Investors’ stage directions turn shopping into costly retail theatre

London briefing: Before Hammerson can seal its shopping-centre deal, the property company risks being eaten by a bigger fish

Hammerson owns or has stakes in some of the biggest shopping centres in Britain. In Ireland its portfolio includes Dundrum Town Centre, Swords Pavilions, the Ilac centre and Kildare Village, above

Hammerson owns or has stakes in some of the biggest shopping centres in Britain. In Ireland its portfolio includes Dundrum Town Centre, Swords Pavilions, the Ilac centre and Kildare Village, above

 

Three months ago, shopping centre owner Hammerson proudly unveiled an agreed £3.4 billion takeover of its smaller rival Intu, a move that would create Britain’s largest property company.

Now Hammerson is fighting to keep that deal alive – and may soon be battling to retain its own independence in the face of an unexpected £5 billion approach from the French firm Klepierre.

David Tyler, chairman of Hammerson, has rejected the French suitor in no uncertain terms, complaining that its move is opportunistic and that the proposed terms of 615p a share are significantly below asset value. Instead, he wants to press ahead with the Intu deal.

But Hammerson shareholders are not so sure. Indeed, it was their lukewarm reaction to the Intu move that effectively provided Klepierre with its opportunity to pounce. Since Hammerson unveiled the Intu deal last December, its shares have slid by almost 20 per cent, resulting in its relegation from the prestigious FTSE 100 index last month.

Klepierre has not launched a formal takeover offer, but has made it clear it is keen to talk. News of the approach sent Hammerson shares soaring on Monday.

It’s the Hammerson business Klepierre is after, rather than Intu. Hammerson owns or has stakes in some of the biggest shopping centres in Britain, including the Bullring in Birmingham, Brent Cross in London and Bicester Village near Oxford. In Ireland its portfolio includes Dundrum Town Centre, Swords Pavilions, the Ilac centre and Kildare Village.

Klepierre was swiftly styled a “wedding crasher” by analysts after its unexpected intervention, as its arrival on the scene has made “the marriage of convenience” between the two British firms far less likely to succeed, according to Peel Hunt’s Matthew Saperia.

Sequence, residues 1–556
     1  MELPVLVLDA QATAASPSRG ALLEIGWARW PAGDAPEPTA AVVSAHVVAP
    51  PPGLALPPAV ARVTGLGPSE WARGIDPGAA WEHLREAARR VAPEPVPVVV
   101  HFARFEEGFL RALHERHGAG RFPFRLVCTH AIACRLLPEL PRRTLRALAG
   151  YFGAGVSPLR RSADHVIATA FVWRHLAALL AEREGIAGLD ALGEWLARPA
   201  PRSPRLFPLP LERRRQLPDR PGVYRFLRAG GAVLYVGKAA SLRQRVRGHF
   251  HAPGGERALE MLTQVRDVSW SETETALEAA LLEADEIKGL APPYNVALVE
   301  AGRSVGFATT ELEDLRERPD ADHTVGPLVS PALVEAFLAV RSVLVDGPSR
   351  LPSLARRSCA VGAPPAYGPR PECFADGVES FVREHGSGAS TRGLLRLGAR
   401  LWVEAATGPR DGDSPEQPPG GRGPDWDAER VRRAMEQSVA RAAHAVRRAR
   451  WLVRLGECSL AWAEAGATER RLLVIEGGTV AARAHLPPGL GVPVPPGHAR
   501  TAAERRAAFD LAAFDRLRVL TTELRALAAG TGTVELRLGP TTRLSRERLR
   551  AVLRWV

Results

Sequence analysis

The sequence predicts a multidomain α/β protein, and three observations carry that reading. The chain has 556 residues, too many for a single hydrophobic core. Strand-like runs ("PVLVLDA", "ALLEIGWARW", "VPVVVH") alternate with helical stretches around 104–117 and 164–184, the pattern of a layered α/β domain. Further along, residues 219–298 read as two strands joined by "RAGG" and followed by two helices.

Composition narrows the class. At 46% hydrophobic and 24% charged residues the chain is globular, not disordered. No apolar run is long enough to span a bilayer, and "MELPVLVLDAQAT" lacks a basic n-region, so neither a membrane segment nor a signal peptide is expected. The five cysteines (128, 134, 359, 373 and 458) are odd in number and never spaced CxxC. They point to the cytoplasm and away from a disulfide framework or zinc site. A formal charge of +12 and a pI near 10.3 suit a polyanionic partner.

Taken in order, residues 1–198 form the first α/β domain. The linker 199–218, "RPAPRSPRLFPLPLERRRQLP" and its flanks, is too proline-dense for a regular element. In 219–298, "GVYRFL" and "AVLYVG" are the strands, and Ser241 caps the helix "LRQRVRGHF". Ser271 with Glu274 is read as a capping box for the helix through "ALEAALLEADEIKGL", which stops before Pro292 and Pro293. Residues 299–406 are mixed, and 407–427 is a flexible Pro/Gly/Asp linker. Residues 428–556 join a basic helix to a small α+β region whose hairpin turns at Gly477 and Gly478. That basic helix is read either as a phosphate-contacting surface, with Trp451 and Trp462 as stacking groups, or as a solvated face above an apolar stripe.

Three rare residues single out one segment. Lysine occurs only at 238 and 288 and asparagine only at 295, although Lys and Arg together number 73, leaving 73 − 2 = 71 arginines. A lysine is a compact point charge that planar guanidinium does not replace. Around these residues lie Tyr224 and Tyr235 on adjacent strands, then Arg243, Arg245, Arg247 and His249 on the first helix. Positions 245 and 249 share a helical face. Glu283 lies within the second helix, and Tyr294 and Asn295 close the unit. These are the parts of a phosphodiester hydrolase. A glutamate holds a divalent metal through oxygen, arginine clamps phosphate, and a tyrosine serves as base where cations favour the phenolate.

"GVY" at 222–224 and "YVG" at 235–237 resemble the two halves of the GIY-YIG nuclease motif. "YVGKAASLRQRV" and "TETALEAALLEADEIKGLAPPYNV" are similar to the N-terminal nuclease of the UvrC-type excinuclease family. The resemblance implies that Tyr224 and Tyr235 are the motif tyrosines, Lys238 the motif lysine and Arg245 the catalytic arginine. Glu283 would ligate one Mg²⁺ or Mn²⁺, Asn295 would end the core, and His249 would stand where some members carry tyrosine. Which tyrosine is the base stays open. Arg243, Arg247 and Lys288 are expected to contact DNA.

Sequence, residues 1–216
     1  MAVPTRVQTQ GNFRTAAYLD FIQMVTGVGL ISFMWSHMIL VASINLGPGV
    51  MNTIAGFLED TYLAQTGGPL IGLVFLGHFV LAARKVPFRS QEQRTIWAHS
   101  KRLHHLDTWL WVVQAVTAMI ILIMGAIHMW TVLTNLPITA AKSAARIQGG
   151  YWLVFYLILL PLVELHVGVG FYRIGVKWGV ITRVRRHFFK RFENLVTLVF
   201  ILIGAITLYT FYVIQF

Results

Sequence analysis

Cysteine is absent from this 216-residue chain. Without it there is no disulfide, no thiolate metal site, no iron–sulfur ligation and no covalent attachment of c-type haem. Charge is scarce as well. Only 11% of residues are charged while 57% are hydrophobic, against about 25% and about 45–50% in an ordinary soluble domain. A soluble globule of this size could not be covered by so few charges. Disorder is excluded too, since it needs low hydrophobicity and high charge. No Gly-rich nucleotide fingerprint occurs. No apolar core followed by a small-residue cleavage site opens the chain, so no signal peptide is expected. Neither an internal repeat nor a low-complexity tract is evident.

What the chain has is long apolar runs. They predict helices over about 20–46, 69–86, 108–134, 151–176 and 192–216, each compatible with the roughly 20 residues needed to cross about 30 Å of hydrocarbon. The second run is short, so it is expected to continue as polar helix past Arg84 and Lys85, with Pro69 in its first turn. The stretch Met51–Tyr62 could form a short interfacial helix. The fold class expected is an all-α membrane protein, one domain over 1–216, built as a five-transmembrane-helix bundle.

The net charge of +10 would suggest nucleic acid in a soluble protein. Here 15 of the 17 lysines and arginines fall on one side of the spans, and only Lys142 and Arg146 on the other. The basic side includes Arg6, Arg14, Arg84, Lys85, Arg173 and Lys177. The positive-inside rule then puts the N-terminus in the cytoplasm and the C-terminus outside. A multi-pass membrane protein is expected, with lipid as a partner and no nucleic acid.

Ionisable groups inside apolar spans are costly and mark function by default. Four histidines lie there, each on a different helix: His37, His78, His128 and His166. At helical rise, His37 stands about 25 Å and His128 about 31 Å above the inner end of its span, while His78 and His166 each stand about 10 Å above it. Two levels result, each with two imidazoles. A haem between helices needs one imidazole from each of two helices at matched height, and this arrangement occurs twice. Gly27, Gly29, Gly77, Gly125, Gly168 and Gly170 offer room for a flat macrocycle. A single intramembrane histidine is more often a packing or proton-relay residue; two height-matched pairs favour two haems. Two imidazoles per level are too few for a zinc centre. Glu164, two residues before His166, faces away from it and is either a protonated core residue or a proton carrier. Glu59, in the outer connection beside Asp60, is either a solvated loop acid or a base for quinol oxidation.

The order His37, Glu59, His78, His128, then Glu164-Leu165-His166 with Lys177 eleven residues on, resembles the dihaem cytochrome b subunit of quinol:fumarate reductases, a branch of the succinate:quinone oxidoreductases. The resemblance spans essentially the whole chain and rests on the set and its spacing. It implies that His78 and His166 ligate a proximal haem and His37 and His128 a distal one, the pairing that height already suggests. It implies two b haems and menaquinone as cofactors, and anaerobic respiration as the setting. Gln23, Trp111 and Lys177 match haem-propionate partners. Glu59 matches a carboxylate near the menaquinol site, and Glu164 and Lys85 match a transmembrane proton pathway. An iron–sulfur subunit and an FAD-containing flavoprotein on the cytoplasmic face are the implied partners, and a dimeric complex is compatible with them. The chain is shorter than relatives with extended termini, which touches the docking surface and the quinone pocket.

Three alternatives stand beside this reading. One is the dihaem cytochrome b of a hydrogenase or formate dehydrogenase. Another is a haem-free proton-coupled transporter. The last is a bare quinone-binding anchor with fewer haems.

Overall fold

Hammerson is now “in play”, he says, and shareholders are expected to be far more willing to hear what the French firm has to say than its board clearly were – according to the French firm, they took less than 24 hours to dismiss the approach.

Valued at around €10 billion, Klepierre has more than 100 shopping centres spread throughout 16 countries, but lacks any presence in Britain and Ireland.

Investors’ attention

Unibail-RodamcoWestfield

The step-up in takeover activity reflects increasingly tough trading conditions for retailers as online rivals carve out a growing share of the market. With far too much retail space having been opened in recent years, and with consumer spending hit by the wage squeeze, operators are now concentrating their efforts on the larger and more prestigious malls.

These so-called “supermalls” are expected to take an increasing share of the physical retail spend, attracting shoppers away from town centres and smaller, less glitzy malls.

Retailers are prepared to make large investments to ensure their places in the supermalls. This trend is reflected in the £600 million expansion of the large Westfield mall in White City, west London, which will take it to 2.6 million sq ft and make it Europe’s largest shopping centre.

The first phase of the extension opened last Tuesday, with John Lewis as anchor tenant. Unveiling the new £33 million department store, the group’s 50th, John Lewis managing director Paula Nickolds insisted that reports of the death of bricks and mortar retail have been exaggerated.

“We believe in the future of shops,” she said. “Customers still want to go out and have a day out with friends and family and connect with people on a human level.”

In other words, the exact opposite to the experience offered by the likes of Amazon with its instant, interaction-free, one-click online ordering.

The new John Lewis shop is offering its shoppers a huge variety of different services, from spa treatments to personal styling for men and women, cookery demonstrations and home-design tutorials. All 500 staff have been put through training courses by actors at the National Theatre to improve how they interact with customers.

Nickolds accepts that turning shopping into retail theatre is a costly business. Success of the new Westfield store will not be judged solely in terms of its sales, she says.

As retailers adapt to survive in the new environment, judging the performance of an individual channel has to be far “much more sophisticated” than it has been in the past, she says.

Fiona Walsh is business editor of theguardian.com

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